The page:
The weekly papers are beginning to hit the Web.
from The Forward:
What Hillel and Chabad have both figured out is that one of the best ways to build Jewish community on college campuses is to host weekly Shabbat meals — and, crucially, to make sure they’re free. Such dinners have proliferated in recent years, with both Chabad and Hillel houses drawing students to break bread together, recite the Jewish prayers, and — the organizers hope — have a positive Jewish experience.
both from The New York Jewish Week:
Birthright alumni are perhaps the greatest hope for the continuation of a diaspora Jewish life, but following up with them is a work in progress, an exercise in trial-and-error producing various creative, interesting opportunities for long-term engagement that may or may not ultimately work.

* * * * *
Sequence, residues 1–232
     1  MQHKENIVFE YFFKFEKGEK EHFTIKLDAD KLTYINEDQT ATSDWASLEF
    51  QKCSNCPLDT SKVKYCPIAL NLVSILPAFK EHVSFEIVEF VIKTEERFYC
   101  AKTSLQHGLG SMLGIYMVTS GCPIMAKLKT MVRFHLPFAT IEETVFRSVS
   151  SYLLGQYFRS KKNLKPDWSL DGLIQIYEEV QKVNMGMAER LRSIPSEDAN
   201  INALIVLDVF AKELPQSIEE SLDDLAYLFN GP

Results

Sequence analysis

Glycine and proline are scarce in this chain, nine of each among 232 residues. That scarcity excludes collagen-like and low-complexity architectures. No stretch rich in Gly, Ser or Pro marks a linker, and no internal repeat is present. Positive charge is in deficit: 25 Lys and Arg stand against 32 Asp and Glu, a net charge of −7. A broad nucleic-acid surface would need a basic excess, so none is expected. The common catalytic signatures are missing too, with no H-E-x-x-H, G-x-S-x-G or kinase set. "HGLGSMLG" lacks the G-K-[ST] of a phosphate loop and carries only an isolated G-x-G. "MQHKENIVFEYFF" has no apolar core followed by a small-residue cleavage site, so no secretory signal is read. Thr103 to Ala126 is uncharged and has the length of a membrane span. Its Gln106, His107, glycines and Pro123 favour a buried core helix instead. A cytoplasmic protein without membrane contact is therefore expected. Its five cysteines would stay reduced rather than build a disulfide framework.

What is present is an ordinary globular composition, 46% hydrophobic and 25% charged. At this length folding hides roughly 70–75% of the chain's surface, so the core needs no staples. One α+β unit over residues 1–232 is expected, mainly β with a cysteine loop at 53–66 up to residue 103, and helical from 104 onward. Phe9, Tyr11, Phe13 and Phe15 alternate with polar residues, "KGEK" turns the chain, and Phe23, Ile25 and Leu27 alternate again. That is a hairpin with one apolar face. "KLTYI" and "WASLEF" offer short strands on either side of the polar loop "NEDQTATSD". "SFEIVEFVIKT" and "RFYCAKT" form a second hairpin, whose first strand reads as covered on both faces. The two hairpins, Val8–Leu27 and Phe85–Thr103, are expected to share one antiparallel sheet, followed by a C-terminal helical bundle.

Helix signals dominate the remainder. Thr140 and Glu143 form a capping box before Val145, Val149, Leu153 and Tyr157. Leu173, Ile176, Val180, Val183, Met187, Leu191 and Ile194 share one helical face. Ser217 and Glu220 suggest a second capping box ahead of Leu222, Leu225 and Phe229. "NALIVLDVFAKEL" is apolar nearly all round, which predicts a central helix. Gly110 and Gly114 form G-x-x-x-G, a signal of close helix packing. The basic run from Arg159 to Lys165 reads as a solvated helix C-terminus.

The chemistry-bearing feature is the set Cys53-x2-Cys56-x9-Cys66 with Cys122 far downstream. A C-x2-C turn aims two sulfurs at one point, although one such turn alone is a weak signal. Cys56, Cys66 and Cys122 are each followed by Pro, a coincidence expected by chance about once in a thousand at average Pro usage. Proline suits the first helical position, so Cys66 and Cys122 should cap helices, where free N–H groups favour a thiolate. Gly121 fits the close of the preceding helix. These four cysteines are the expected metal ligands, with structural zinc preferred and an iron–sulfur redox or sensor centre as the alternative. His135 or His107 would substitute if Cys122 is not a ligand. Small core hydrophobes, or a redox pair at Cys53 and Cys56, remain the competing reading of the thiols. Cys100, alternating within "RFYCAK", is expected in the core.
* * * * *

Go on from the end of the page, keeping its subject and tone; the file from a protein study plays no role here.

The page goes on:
eJP note: read what a participant had to say – in a story we posted a year ago – about her experiences after returning home, Birthright Day 11.
During this recession, and especially post-Madoff, philosophical questions resonate among us professionals as to our modus operandi, and rightfully so. The Jewish philanthropic world is psychologically debilitated, in a near-catatonic state. Many donors are understandably paralyzed, fearful of the future and reluctant to part with funds, causing a deafening holding pattern. Yet who am I, as a Jewish communal servant, to count others’ money? I have no right.
both from The Los Angeles Jewish Journal:
Far from abandoning him, some 50 of the beneficiaries of his charitable endeavors took up the mantra that has guided his giving.
Chuck Boxenbaum had never made a donation to Birthright Israel — until he was asked. And then he came through with a six-figure gift, making the program that sends young people on a free trip to Israel one of his top funding priorities.
and this, from The Huffington Post (by Jumpstart’s COO Joshua Avedon):
How about a recovery plan by and for America’s third sector economy?